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Women’s March draws larger than expected crowds in Chicago

Eddie Oliewinski

Marisa Barranco, Staff Writer

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“We are people of different colors, backgrounds, religious faiths, and politics. We support women’s/human rights. We are activists, seasoned and new… We stand against hate in all forms and against targeting any groups or individuals. For ourselves and others, we express our right to respect and acceptance without bias or persecution,” reads the Women’s March on Chicago website. This website was created in order to stand against the negativity of the 2016 presidential election in early November, and the march easily made history in Chicago becoming part of a larger historical event across the globe.

Taking place on January 21st, the day after President Donald Trump’s inauguration (which is by no means a coincidence), around 250,000 people from across the Chicagoland area gathered in downtown Chicago. Like many of the other Women’s Marches taking place, the marchers’ goal was to send a message to the new administration that their voices will be heard, and that women’s rights are human rights.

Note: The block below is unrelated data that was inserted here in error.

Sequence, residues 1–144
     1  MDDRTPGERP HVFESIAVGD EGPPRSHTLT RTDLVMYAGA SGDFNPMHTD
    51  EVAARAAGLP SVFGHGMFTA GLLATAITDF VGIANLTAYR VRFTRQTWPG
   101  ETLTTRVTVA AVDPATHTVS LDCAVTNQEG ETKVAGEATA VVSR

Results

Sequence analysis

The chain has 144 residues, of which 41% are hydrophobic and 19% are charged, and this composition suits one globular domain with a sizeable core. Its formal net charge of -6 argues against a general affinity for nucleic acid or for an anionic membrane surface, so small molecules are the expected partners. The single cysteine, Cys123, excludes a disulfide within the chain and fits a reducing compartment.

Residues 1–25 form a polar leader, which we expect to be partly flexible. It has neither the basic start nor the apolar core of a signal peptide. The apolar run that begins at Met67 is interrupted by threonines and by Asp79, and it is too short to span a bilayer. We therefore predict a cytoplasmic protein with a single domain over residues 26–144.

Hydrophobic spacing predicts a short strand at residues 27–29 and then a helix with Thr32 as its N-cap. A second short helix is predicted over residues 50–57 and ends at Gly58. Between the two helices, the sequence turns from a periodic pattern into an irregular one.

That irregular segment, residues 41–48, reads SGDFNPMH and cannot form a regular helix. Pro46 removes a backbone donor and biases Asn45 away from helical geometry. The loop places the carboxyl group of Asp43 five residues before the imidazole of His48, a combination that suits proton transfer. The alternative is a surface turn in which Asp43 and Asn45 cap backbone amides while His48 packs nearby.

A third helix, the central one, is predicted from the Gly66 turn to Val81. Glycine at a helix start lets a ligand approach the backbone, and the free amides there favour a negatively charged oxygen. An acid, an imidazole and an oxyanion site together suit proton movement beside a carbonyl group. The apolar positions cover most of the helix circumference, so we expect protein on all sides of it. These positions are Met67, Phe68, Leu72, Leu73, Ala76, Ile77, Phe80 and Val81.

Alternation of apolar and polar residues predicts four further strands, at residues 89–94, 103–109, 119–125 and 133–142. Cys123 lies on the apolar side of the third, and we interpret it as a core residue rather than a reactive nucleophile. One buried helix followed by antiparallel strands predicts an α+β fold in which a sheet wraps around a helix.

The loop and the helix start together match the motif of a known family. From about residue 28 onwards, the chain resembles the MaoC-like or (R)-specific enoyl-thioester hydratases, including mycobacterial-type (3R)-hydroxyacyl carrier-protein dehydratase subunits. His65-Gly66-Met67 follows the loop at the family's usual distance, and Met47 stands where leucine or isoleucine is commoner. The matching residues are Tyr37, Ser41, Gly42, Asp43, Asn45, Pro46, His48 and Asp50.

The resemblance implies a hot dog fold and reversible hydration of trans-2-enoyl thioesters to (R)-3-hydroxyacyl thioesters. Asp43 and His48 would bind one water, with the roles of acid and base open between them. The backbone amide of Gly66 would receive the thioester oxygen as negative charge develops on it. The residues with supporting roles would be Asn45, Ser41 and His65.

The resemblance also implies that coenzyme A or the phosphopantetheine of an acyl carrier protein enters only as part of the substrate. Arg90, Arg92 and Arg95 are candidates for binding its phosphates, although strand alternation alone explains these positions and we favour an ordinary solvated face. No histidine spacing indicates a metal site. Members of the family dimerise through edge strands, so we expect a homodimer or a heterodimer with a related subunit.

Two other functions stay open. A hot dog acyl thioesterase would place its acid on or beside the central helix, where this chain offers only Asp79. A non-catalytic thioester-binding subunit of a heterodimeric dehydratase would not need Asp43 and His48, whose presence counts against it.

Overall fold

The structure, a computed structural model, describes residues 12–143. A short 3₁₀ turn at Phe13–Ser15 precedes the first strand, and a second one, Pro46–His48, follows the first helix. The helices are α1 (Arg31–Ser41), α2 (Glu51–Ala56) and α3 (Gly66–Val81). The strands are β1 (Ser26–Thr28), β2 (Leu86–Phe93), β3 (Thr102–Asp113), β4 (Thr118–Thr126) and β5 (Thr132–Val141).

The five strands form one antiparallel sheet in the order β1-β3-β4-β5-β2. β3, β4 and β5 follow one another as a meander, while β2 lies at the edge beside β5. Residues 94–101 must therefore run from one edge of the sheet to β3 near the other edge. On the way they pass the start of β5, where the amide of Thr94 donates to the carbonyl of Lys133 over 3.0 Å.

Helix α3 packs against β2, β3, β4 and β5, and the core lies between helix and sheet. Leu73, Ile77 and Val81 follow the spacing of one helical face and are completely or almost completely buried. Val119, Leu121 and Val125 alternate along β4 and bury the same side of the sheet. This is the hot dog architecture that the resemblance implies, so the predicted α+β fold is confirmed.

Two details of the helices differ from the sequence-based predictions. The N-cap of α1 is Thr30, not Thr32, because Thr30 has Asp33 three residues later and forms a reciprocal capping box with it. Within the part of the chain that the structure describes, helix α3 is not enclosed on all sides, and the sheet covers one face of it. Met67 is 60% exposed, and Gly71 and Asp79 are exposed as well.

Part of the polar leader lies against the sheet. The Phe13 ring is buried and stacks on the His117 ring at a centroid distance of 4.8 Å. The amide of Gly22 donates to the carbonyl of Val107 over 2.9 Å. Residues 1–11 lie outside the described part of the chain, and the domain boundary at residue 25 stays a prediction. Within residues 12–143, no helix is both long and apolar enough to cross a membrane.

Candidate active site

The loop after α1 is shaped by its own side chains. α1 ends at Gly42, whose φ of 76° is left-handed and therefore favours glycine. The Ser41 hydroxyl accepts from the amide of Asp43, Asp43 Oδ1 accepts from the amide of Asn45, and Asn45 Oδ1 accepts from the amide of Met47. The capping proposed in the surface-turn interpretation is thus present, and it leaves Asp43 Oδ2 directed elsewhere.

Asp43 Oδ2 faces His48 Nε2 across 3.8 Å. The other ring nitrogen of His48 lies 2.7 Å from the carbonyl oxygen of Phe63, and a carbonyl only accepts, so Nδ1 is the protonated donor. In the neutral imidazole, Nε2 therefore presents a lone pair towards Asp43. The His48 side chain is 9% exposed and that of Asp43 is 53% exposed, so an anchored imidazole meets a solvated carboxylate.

The actual march began at 10:00 AM and lasted until 12:30 PM, but many arrived earlier to hear different speakers before the march. According to the Chicago Tribune, these include Eman Hassaballa Aly, Marilyn Katz, and many more, even some of the Chicago cast of “Hamilton” performed. The different speakers spoke on a variety of issues that the marginalized communities of Chicago face.

While what happened at the march is important, the message behind it is what really matters. Americans aren’t going to just sit passively waiting for change. If the Chicago march doesn’t foretell future reactions to President Trump’s actions, then one can take a look at the other marches worldwide. The United States is a political hubbub, and the actions of our government affect all others, from Europe to Asia to Africa. What the United States does, does matter, and it’s important that what is done is humane and aims to help the common good. Americans aren’t settling for any less.

 

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